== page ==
The generation of effectors in vitro typically involves stimulating naive CD4 T cells with Ag-pulsed APCs, often with exogenous IL-2 and polarizing cytokines. Our previous studies demonstrated that under these conditions, the Ag-pulsed APCs disappear from culture within 48–60 h of culture initiation, and that cell division in the final 2–4 d of a 4-d culture is driven by cytokine (IL-2) stimulation. We define this set of conditions, where Ag-pulsed APCs are added only at the initiation of culture, as acute Ag stimulation. Alternatively, prolonging Ag stimulation beyond the first 2 d of culture resulted in reduced numbers of effectors (8). Therefore, we define repeated TCR stimulation (RS) as that which results from the addition of Ag-pulsed APCs on the day of culture initiation and every 24 h for the duration of the 4 d culture. Here, we further investigate the consequences of acute versus repeated exposure to Ag-pulsed APCs on the generation and function of CD4 effector and memory T cells.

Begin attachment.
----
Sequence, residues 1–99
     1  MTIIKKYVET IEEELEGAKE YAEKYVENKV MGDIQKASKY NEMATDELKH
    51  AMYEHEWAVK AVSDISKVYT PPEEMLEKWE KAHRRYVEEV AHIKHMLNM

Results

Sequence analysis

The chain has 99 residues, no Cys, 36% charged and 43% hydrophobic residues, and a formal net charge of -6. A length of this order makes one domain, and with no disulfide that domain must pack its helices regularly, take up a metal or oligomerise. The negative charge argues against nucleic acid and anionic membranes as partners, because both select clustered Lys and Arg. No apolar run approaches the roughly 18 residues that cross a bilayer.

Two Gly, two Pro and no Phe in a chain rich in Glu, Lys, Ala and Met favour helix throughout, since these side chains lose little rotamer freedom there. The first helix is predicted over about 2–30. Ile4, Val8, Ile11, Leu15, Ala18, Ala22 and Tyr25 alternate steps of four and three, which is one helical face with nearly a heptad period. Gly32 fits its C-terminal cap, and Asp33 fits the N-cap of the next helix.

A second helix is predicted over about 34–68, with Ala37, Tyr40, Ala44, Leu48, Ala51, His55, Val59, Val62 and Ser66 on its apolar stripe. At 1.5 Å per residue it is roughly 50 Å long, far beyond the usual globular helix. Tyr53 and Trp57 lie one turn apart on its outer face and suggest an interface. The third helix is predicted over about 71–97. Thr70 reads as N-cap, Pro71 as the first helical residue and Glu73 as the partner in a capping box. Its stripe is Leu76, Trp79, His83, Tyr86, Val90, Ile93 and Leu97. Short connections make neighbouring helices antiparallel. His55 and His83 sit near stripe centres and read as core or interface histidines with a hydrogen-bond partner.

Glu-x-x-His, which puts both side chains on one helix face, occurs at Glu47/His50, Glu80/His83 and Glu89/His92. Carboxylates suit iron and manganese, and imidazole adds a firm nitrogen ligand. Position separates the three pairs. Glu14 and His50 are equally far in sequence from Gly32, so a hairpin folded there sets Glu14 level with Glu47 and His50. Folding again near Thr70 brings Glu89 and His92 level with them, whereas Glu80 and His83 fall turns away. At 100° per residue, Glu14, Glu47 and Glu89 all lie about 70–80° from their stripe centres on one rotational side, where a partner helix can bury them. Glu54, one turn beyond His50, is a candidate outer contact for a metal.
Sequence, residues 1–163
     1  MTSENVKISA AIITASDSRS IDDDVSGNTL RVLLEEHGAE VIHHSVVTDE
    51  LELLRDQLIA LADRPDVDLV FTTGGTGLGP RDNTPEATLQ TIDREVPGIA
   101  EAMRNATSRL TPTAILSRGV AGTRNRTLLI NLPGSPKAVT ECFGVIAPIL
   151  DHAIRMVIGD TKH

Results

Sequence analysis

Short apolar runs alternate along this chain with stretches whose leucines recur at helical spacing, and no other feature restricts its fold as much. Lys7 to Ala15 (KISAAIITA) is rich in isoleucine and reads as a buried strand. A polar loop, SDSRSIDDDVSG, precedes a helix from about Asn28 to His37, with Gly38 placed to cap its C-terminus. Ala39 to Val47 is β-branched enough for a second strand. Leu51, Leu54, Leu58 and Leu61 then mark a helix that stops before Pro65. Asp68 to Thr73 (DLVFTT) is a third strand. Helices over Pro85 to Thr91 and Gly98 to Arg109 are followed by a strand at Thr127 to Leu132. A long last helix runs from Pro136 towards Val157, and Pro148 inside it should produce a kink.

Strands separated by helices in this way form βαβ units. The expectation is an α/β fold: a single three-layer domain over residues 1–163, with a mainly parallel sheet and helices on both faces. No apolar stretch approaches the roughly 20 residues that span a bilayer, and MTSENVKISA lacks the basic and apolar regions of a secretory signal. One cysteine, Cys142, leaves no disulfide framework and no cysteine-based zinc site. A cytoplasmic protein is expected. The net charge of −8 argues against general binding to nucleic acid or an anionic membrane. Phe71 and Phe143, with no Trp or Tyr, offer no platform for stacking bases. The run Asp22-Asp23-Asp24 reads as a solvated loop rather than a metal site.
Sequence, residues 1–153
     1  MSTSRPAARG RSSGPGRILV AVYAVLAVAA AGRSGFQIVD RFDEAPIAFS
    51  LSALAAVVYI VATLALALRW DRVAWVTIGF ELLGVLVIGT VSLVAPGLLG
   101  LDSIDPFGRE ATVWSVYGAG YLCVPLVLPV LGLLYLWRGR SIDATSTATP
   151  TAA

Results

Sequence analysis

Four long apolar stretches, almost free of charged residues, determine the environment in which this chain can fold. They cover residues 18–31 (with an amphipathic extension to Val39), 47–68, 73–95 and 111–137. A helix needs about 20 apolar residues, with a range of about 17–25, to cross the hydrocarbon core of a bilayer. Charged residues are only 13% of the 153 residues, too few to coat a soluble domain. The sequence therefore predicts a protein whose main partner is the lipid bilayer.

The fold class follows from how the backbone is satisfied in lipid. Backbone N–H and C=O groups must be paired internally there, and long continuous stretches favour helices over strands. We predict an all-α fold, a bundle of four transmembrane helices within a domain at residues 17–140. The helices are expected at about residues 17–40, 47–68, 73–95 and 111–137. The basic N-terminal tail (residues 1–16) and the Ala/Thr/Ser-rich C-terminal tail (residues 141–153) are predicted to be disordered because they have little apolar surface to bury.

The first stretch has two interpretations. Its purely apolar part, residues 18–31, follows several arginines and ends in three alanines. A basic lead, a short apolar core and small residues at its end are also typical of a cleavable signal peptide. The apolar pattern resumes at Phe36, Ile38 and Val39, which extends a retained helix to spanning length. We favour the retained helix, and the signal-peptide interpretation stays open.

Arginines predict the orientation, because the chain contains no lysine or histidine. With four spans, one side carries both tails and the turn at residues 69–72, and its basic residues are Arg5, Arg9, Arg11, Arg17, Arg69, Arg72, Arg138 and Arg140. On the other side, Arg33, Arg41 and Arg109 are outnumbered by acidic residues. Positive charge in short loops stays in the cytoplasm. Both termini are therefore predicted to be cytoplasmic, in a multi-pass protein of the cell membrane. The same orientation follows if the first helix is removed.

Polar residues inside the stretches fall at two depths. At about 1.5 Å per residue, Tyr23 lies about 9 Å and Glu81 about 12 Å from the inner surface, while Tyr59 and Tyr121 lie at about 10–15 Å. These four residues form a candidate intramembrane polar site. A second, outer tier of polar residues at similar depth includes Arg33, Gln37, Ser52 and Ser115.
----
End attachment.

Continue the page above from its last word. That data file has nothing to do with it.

The results of this study reveal that highly activated, and well-polarized effectors can be generated under conditions of RS. However, RS leads to the generation of effectors that produce lower levels of cytokines in response to restimulation than acutely stimulated effectors. Moreover, repeatedly stimulated Th1 effectors fail to provide protection in mice that were lethally challenged with influenza virus. Additionally, Th2 polarized effectors that were generated with RS fail to provide cognate help to B cells. We also have investigated the effects of acute and RS in vivo, and have determined that RS profoundly affects the migration and function of the resulting effectors. We suggest that an initial 48–60 h of TCR stimulation during T cell priming results in an expanded population of optimally functional effectors that traffic efficiently through lymphoid organs, and are able to participate in antiviral responses and provide B cell help. We also suggest that longer durations of Ag stimulation result in T cells that exhibit dramatically reduced effector function, and fail to provide other lymphocytes with the cognate help that is necessary to stimulate vigorous immune responses.